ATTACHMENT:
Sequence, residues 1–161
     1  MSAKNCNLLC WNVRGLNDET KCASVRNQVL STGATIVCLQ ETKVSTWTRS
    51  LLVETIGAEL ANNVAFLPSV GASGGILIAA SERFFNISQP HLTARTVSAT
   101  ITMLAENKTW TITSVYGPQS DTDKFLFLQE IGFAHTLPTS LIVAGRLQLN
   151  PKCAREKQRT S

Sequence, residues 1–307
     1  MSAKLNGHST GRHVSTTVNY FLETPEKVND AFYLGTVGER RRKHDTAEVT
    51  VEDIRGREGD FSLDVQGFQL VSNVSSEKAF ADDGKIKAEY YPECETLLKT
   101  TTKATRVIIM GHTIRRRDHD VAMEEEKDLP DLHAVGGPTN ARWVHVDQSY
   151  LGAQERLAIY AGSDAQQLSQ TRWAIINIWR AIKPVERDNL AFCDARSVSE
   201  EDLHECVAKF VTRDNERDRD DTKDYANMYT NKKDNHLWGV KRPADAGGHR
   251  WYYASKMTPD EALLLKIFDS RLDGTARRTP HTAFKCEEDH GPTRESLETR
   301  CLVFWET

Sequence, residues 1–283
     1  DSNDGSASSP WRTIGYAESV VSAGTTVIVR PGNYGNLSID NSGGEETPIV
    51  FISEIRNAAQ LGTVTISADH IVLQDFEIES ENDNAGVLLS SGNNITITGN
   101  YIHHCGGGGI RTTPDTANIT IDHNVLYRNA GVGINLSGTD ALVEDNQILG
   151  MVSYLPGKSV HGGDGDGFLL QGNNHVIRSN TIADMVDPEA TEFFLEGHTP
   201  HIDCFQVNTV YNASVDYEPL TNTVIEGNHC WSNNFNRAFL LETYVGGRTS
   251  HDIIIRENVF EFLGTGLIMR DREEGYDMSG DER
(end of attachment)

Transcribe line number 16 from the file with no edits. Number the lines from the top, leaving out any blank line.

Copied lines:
    51  FISEIRNAAQ LGTVTISADH IVLQDFEIES ENDNAGVLLS SGNNITITGN